A new partnership between Vermont PBS and Vermont Public Radio is bringing the TV station’s viewers a 60-second roundup of the state’s top stories every Thursday.
VPR News Minute debuted June 7 with host Henry Epp, who also anchors VPR’s local All Things Considered broadcast. The segment draws on VPR’s reporting and is shot in the station’s Colchester newsroom, with Vermont PBS handling the camera work, editing and postproduction. It airs on Vermont PBS and appears on both stations’ social media platforms.
“The structure of the program is an experiment,” said Holly Groschner, CEO of Vermont PBS. “We thought … a 60-second format would allow us to put the local news right in front of our powerhouse PBS news program, PBS NewsHour, and provide a format that was shareable on social.”
In addition to airing before NewsHour, VPR News Minute broadcasts Friday mornings before BBC News and Thursday nights on a multicast channel, Vermont PBS Plus, before Democracy Now!
Here's @vprnet's Henry Epp with the VPR News Minute and all the details on:
👉 UVM Nurses Authorize Strike
👉 Spruce Forests Recovering
👉 State Receives VW Settlement pic.twitter.com/rDUb96Eu7P
— Vermont PBS (@VermontPBS) June 14, 2018
The stations began discussing a potential partnership last summer, according to VPR Chief Content Officer John Van Hoesen, and recognized that teaming up VPR’s reporters and Vermont PBS’ producers could create a valuable product. The collaboration is also a response to the changing media landscape in Vermont, where newspapers have struggled to continue publishing.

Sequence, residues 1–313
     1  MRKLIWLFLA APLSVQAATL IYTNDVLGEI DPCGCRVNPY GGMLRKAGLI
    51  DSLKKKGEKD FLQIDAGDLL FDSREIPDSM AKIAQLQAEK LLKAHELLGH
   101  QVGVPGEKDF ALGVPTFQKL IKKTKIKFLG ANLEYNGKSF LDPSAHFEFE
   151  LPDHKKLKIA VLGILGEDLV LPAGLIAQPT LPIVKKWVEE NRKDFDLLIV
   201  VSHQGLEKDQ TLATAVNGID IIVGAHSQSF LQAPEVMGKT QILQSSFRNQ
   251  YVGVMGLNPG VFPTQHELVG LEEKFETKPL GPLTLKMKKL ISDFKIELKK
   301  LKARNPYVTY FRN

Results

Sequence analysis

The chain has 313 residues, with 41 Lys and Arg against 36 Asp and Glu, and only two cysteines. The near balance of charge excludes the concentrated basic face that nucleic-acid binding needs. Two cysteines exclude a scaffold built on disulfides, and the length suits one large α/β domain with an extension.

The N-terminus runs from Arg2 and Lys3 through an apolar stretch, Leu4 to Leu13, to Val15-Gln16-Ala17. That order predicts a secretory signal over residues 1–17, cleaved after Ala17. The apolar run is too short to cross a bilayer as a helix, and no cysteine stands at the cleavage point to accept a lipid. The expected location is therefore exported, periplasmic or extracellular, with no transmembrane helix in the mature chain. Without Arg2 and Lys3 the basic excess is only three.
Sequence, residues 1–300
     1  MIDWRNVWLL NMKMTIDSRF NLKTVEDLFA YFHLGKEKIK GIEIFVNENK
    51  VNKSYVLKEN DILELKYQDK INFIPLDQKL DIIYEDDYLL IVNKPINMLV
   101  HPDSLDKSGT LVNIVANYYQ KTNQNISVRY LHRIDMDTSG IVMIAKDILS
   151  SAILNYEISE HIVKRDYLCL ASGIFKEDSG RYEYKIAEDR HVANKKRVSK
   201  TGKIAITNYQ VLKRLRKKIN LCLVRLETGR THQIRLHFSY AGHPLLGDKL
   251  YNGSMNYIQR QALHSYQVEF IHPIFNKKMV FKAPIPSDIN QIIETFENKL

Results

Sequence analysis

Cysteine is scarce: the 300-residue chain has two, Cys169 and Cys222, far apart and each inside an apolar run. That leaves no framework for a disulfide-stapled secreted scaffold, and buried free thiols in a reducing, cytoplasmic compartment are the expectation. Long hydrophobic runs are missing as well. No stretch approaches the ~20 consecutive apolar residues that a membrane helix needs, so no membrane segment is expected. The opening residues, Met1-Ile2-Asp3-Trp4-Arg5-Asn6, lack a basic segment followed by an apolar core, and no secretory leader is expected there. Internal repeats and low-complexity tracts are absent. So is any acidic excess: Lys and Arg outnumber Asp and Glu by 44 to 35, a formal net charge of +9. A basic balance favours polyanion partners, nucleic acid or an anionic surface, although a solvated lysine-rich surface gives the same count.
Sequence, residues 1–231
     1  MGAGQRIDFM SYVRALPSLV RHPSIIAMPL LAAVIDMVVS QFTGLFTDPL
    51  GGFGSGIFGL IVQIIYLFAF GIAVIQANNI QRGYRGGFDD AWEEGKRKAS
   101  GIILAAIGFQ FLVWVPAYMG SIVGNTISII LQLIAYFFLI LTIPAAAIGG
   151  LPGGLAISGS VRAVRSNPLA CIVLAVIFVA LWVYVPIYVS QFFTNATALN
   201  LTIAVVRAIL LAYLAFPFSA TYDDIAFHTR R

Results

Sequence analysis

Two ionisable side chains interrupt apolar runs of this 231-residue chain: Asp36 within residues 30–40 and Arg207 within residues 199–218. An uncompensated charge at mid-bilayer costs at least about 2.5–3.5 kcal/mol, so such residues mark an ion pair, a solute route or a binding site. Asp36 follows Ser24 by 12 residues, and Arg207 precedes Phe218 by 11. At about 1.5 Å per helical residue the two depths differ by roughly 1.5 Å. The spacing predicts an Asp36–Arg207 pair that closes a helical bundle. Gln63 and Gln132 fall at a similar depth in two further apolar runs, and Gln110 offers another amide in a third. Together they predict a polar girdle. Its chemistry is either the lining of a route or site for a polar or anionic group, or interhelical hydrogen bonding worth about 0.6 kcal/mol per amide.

“As times have changed, the need grew for public broadcasters to fill an educational and informational gap, so the opportunity to work together also grew,” Van Hoesen said. “One of the possibilities was to use the different resources and talents of each of our organizations and combine them.”
Though the segment doesn’t air on VPR’s radio stations, Van Hoesen said the station sees it as an opportunity to expand its social media reach. “It seems like a good starting point of combined resources to provide Vermont PBS with local news for its programming and to provide VPR with an opportunity for video newscasts for a new audience,” he said.
The first episode drew more than 1,800 views online. The second episode has received about 750 views.
The stations have a six-month contract for the program. After the contract expires, Groschner said, the stations will assess whether to continue or even expand beyond weekly broadcasts.
Since April, Vermont PBS has produced a similar one-minute roundup for Wednesdays with a host from VTDigger, a nonprofit news website. That partnership was a “growth exercise” for Vermont PBS’ production department as it took on a short, quick-turnaround segment, Groschner said.
“We have found that how we present the story needs both the human element of a reporter and some visual content to help support the story,” Groschner said. “And so how to do that best and get the message across quickly has been a great exercise for us.”
VPR and Vermont PBS are also exploring ways to collaborate on coverage of upcoming elections, including polls and debate broadcasts.
“It’s great when public radio and public television can come together and use resources together,” Van Hoesen said. “When you’re doing it, the thing that comes out at the end has higher value than what either one of us could’ve done on our own.”